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State’s high court will hear Jussie Smollett appeal

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State's high court will hear Jussie Smollett appeal

The Illinois Supreme Court has agreed to hear an appeal from Jussie Smollett, the former “Empire” actor whose convictions for staging a hate crime caused fevered international media attention.

This means that the case, which has continued as Smollett fights his convictions, will carry on a little longer.

A lower appellate court affirmed his convictions for falsely reporting a hate crime to Chicago police in January of 2019 even as Smollett alleged a laundry list of violations in the case handled by special prosecutor Dan Webb after the Cook County state’s attorney’s office controversially dropped all charges.

In a 2-1 decision, the appeals court justices largely rejected the arguments, though Justice Freddrenna Lyle dissented, arguing that “Smollett gave up something of value, community service and bond forfeiture, in exchange for a nolle of the whole indictment.”

After the decision, Smollett asked the state’s high court to hear the case, a decision up to the discretion of the justices. In asking the court to review his case, Smollett had argued that the lower court’s opinion “threatens to upend all informal and formal deferred prosecution agreements.”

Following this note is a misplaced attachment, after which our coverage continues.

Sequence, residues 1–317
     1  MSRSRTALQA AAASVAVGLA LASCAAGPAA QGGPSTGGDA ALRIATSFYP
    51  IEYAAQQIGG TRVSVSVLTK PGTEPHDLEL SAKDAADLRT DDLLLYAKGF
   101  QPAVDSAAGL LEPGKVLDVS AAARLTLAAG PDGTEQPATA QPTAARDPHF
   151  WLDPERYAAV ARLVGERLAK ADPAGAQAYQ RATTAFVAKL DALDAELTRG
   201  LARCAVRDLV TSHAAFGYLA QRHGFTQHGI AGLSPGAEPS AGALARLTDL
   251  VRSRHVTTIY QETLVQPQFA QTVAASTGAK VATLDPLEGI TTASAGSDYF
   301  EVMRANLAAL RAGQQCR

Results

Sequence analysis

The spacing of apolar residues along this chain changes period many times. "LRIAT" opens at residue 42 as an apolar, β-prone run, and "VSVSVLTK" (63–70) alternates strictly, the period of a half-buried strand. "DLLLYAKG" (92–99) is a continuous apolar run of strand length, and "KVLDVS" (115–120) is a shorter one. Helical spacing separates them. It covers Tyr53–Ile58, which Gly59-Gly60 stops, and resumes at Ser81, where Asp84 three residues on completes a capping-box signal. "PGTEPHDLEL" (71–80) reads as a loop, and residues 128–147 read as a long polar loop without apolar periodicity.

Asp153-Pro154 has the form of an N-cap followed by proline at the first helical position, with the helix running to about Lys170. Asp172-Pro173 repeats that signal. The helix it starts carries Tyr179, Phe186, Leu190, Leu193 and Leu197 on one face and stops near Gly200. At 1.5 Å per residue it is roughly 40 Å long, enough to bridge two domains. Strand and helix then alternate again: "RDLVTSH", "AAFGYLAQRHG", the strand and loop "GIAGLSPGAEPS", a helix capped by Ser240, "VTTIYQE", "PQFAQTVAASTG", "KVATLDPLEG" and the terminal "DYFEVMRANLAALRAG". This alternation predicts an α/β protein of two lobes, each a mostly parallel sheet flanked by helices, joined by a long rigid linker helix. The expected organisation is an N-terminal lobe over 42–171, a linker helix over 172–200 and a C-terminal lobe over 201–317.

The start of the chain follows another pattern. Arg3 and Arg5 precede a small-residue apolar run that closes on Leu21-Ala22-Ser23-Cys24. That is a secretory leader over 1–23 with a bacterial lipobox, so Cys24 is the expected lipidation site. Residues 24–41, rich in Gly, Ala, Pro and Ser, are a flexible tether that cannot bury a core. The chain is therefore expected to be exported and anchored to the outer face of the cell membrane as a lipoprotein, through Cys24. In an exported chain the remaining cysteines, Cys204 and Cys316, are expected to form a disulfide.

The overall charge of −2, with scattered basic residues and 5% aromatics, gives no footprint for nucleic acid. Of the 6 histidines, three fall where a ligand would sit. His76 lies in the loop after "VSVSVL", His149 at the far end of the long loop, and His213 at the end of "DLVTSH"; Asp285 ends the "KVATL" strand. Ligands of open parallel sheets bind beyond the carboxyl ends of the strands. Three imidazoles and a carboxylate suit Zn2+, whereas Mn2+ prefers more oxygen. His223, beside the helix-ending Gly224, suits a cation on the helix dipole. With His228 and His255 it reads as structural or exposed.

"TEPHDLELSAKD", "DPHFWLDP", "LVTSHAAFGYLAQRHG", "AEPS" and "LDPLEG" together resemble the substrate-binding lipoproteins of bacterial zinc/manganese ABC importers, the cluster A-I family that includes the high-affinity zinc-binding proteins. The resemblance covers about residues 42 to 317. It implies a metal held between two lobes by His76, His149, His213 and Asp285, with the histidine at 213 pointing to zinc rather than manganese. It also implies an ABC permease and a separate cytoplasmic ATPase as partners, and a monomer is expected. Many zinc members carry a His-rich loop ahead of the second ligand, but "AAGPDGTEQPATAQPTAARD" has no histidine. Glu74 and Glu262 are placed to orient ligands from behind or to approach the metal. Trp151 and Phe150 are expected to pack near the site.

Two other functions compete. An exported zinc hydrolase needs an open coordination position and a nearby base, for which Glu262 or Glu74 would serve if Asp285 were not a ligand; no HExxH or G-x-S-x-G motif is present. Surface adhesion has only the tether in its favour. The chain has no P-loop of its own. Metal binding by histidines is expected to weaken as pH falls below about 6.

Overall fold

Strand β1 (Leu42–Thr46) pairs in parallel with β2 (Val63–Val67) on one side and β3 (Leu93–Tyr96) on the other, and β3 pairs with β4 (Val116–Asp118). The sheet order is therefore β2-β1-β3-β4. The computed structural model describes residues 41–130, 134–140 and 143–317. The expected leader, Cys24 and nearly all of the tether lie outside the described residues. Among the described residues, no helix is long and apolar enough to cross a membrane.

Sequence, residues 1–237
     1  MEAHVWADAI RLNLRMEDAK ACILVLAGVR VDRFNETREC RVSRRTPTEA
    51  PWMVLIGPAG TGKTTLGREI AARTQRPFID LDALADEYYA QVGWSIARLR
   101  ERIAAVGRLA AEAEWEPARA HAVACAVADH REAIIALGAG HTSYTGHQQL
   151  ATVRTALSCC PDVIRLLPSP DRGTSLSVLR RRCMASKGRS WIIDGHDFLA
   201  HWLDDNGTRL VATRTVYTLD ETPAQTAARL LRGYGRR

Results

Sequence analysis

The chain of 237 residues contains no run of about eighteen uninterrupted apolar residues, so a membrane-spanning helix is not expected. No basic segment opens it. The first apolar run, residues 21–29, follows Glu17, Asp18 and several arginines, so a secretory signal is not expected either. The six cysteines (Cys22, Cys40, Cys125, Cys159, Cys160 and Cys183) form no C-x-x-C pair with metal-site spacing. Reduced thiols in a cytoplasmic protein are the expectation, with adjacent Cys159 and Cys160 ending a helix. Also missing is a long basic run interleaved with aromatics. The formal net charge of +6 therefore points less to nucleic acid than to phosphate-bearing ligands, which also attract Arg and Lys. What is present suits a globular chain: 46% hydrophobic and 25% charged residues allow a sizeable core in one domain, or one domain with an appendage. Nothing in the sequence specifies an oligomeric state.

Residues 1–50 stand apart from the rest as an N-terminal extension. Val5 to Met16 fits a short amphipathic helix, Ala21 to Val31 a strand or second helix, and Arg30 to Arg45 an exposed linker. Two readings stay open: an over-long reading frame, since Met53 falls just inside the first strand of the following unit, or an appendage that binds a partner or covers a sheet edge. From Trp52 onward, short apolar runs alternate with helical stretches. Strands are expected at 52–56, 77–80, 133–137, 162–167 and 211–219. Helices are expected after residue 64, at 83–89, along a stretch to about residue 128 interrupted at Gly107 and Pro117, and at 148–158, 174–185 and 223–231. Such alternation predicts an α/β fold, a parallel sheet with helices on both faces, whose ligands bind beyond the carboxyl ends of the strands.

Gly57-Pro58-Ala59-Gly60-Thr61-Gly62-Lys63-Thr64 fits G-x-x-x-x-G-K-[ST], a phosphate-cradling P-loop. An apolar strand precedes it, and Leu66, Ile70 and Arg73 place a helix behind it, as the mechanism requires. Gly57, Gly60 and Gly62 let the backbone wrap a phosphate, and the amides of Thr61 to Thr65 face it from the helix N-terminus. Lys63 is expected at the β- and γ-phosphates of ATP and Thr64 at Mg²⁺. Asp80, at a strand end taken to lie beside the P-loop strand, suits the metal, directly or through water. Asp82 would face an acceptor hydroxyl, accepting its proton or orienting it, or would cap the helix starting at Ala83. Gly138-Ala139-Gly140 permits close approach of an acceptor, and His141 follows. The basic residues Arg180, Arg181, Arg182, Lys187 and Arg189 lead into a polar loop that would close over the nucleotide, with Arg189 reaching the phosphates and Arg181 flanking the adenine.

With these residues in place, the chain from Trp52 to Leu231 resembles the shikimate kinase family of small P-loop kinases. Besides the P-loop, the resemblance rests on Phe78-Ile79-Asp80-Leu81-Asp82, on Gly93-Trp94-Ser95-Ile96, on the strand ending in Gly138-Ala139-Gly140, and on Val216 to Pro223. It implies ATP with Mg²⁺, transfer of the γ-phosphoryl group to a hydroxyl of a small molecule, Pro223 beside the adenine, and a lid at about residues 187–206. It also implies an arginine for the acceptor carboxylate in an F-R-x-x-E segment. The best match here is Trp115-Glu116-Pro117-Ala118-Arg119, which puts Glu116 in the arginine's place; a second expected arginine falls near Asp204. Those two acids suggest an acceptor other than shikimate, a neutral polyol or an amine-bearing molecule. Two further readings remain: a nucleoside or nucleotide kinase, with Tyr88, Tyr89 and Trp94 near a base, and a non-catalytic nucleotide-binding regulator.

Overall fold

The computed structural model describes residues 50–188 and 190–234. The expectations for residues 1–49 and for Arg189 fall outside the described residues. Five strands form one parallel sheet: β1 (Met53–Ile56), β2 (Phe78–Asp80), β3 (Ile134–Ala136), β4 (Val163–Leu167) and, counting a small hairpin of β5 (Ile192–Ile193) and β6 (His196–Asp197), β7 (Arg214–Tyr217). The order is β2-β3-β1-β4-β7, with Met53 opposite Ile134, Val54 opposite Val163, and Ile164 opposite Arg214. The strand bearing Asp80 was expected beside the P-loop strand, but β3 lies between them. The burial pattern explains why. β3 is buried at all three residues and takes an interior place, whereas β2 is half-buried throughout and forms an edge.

The case stems from a report Smollett made to police in the early hours of Jan. 29, 2019, when he said two men attacked him in the Loop, hitting him, yelling homophobic slurs and placing a noose around his neck. But in a twist that drew frenzied international attention, prosecutors charged Smollett the following month with disorderly conduct for concocting the hoax with brothers Abimbola and Olabinjo Osundairo, who testified that he paid them to perpetrate the attack.

About a month after prosecutors charged Smollett, they dropped all counts against him noting that he forfeited his $10,000 bond and had done community service in a move that drew sharp criticism. Cook County State’s Attorney Kim Foxx previously handed the case to deputies, saying she had recused herself.

Former Cook County Judge Michael Toomin appointed Webb, a former U.S. attorney, as special prosecutor amid scrutiny around the decision, finding that Foxx did not go through the formal process for recusing herself from the case. Webb later refiled the charges.

In his appeal, Smollett argued that Cook County prosecutors dropping the case resolved it, similar to a deferred prosecution agreement, particularly because he forfeited his bail.

Attorneys for the state, though, among other arguments, contended that prosecutors who drop charges are not precluded from refiling charges in the same case.

In the majority opinion delivered by Justice David Navarro and concurred with by Justice Mary Ellen Coghlan, the justices wrote that Smollett “challenges virtually every aspect of the second prosecution that resulted in his convictions and sentence.”

“The record does not establish that Smollett entered into a nonprosecution agreement with the (Cook County State’s Attorney’s Office), in which the (office) agreed to forgo further prosecution of him in exchange for his performance of community service and the forfeiture of his bond,” the opinion reads.

A Cook County judge had sentenced Smollett to 150 days in jail, 30 months of probation and $130,160 in restitution, but his sentence is on hold while the appeal process plays out.



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